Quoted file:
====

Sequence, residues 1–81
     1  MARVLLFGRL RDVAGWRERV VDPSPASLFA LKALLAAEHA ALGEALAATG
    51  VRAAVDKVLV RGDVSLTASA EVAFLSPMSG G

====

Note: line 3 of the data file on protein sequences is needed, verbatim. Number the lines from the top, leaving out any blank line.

    51  VRAAVDKVLV RGDVSLTASA EVAFLSPMSG G